It’s always wedding season somewhere. That’s what we always say. And so imagine our delight at the latest project update from Wedding Chapel, the Kickstarter project that funded a pop-up matrimonial hot-spot in New York’s Lower East Side: someone actually got married there!

Sandra and Josh (above) got hitched for reals this past Sunday in the inaugural ceremony, and the digs look nice!

We’ll be attending our first ceremony this evening (a fake wedding, alas), and if you’d like to setup your own matrimonial match, there’s more info here.

Congrats to Wedding Chapel, its backers and of course Sandra and Josh! Does this count as crowd-sourced love? We say so!

Creator Q&A: Language Room

There’s a Steve Martin quote that has been running through my mind the past couple of days, and it’s particularly applicable when it comes to Language Room, an Austin band who sought $10,000 to buy a RV so they could tour without “killing each other,” to quote the band itself. Steve Martin was talking about the art of comedy, and he said that it’s not the idea, it’s the commitment to the idea that matters.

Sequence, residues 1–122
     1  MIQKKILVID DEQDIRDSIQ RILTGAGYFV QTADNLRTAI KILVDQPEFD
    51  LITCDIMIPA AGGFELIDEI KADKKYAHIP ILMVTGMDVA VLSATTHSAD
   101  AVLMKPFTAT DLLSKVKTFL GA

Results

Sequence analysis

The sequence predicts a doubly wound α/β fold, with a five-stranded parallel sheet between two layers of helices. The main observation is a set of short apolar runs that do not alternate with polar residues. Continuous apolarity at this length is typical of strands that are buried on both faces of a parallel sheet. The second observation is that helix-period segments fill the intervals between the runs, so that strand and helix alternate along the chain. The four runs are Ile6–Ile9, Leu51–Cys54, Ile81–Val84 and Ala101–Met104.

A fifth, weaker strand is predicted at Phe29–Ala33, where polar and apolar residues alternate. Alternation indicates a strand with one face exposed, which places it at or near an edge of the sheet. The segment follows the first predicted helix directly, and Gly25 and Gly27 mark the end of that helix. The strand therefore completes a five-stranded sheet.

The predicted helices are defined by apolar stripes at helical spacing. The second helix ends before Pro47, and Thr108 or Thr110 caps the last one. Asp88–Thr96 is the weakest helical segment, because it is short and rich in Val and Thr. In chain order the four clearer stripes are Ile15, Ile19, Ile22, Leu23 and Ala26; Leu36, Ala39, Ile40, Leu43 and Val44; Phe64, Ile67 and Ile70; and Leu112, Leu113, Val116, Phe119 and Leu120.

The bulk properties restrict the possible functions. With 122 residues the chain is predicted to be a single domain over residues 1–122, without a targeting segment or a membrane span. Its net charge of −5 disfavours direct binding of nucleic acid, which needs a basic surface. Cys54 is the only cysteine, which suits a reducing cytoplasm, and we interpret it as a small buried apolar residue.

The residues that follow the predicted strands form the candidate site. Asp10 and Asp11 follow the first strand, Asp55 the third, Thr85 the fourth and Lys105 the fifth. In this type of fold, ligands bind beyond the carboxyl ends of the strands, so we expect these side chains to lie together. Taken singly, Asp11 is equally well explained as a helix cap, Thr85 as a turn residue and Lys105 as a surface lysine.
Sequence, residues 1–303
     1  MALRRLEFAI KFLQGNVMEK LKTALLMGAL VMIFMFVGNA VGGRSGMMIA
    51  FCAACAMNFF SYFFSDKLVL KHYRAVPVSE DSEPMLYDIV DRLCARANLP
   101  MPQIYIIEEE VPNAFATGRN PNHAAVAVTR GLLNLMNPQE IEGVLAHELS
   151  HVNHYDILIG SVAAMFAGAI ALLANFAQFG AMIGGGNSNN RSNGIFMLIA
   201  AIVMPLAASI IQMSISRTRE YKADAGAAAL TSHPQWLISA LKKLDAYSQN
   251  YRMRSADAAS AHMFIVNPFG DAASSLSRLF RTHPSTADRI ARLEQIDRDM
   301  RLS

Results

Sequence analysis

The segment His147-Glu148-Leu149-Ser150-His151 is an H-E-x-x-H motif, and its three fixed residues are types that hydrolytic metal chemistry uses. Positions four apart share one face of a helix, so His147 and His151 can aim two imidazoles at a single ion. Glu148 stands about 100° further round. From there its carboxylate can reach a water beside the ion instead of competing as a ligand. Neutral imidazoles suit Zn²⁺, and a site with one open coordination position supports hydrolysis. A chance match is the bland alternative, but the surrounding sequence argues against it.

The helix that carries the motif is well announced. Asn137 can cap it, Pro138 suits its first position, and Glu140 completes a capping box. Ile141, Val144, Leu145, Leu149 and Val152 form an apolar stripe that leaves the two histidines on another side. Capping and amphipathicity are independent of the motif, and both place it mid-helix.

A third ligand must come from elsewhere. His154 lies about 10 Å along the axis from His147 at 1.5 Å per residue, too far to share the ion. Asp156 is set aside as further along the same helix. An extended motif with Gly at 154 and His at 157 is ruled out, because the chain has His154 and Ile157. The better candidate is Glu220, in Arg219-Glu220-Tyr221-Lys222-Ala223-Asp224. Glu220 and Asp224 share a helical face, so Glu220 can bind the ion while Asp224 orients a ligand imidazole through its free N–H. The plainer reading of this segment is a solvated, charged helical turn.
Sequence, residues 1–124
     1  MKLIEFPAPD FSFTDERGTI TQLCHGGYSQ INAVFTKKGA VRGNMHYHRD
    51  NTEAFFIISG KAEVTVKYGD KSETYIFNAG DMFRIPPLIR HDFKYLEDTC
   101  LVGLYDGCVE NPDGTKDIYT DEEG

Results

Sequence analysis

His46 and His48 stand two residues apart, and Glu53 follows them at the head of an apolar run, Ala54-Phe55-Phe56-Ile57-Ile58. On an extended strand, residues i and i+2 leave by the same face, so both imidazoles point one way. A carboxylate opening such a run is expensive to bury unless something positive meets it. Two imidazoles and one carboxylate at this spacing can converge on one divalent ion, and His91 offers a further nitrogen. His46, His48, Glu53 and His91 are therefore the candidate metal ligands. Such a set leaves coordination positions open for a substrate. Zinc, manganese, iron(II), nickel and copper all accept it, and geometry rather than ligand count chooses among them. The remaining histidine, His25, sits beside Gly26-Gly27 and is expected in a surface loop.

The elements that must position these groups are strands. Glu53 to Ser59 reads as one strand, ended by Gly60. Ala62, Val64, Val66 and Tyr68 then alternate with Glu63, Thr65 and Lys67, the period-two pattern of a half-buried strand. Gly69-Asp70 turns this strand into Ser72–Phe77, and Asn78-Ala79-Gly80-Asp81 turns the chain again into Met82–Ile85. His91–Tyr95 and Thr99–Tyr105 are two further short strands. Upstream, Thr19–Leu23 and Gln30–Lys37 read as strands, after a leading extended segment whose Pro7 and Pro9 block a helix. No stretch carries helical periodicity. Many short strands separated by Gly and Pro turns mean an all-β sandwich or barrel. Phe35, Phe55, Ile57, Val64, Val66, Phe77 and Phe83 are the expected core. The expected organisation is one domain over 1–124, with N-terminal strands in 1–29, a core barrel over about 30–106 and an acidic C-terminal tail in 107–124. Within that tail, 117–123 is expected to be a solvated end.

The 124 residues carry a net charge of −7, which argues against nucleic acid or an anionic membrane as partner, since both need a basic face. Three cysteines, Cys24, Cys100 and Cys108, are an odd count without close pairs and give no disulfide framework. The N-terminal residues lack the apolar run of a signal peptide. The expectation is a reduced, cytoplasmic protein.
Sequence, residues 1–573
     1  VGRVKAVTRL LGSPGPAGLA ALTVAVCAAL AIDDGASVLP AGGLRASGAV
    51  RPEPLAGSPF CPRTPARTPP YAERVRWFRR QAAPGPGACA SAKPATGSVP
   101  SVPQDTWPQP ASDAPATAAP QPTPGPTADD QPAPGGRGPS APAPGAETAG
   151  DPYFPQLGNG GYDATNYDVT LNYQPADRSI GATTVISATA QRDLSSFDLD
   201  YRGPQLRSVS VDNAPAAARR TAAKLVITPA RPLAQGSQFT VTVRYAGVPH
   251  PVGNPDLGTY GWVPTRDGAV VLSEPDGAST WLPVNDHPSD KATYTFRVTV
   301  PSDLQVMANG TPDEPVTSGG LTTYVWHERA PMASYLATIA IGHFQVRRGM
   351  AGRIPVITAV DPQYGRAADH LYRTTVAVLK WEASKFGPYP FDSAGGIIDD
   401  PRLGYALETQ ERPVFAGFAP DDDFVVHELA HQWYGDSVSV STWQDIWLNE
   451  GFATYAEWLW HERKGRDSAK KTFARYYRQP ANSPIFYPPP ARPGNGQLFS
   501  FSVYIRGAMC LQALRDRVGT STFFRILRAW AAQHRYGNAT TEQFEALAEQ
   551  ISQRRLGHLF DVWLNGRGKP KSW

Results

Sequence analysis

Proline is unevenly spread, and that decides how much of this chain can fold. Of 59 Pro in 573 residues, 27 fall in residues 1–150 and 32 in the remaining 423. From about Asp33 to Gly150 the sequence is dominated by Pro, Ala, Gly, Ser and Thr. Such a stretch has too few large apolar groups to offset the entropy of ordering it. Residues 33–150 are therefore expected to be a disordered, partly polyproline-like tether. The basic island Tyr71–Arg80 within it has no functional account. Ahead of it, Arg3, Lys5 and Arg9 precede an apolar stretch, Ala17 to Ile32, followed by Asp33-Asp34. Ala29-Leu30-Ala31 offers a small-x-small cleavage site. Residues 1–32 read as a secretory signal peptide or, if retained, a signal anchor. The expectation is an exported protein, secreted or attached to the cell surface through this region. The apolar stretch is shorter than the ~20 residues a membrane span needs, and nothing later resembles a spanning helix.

It’s really true. Every now and then we’ll have someone ask how they can protect themselves from someone else stealing their idea, and the answer is that you can’t, but it’s irrelevant. It’s rarely the idea itself that matters, it’s the execution of it, the devotion to it, the myopic commitment to its realization. People have been institutionalized for less, but it’s often what it takes.

Which brings us back to Language Room. Over the course of their project, the band posted 25 project updates, the vast majority being exclusive to their backers. They have embraced the backer-only functionality more than any other project currently running, and it’s seemed to work well for them, especially as many of their updates are informal and spontaneous. You really get a feel for their lives as both musicians and people, and you can feel their story developing in front of you, from the claustrophobia of the road to a video of their mom playing an impromptu piano recital.

There’s a Flickerstick quality to their story. (And +5 music nerd points if you got the reference.) And as you read our Q&A with the band below, you’ll be quickly struck by the same thing that nicely surprised us: they started out as total skeptics that Kickstarter would ever work for them. They just didn’t see how it could possibly happen. Ten large later, they have a different story to share. Here it is:

Tell us about your project.
I’m in a band here in Austin and all we’ve ever wanted to do is tour 
extensively and work our butts off to become a self-sustaining band. To 
this point we’ve never been able to stay out on the road longer than a